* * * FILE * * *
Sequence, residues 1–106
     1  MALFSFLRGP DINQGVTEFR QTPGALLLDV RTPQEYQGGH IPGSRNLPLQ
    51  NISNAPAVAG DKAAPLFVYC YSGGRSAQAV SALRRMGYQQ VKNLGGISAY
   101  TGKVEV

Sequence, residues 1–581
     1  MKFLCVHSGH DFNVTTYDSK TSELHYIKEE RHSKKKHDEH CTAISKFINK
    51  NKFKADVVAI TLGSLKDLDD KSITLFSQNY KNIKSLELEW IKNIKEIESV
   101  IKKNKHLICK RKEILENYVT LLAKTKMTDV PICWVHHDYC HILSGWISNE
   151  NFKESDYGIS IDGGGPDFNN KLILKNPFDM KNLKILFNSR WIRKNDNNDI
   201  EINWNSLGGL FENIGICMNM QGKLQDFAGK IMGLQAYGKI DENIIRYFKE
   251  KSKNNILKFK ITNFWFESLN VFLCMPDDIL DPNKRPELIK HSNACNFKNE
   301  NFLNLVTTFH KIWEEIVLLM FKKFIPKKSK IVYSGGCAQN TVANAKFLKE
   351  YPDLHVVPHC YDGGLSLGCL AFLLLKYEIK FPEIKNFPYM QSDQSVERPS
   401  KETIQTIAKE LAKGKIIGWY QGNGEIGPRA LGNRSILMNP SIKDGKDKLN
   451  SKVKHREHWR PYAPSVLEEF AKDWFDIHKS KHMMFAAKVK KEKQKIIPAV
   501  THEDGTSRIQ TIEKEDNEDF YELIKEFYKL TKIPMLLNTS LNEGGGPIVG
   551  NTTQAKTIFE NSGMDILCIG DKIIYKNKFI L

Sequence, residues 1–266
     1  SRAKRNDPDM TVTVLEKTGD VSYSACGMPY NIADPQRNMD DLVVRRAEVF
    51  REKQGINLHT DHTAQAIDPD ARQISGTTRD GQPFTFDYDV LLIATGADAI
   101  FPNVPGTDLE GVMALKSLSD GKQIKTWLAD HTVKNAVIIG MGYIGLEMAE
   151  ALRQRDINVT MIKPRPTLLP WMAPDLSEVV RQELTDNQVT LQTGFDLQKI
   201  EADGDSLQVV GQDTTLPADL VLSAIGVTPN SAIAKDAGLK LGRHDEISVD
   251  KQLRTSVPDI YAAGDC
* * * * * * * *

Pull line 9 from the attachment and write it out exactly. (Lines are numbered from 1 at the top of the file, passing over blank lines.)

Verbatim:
   151  NFKESDYGIS IDGGGPDFNN KLILKNPFDM KNLKILFNSR WIRKNDNNDI